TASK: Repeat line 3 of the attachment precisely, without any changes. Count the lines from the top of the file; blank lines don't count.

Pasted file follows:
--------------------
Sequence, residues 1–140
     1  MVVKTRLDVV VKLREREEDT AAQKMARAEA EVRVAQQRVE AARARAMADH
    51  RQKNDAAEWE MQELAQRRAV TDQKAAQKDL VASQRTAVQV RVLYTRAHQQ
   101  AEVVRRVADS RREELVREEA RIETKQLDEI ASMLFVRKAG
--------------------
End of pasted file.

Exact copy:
    51  RQKNDAAEWE MQELAQRRAV TDQKAAQKDL VASQRTAVQV RVLYTRAHQQ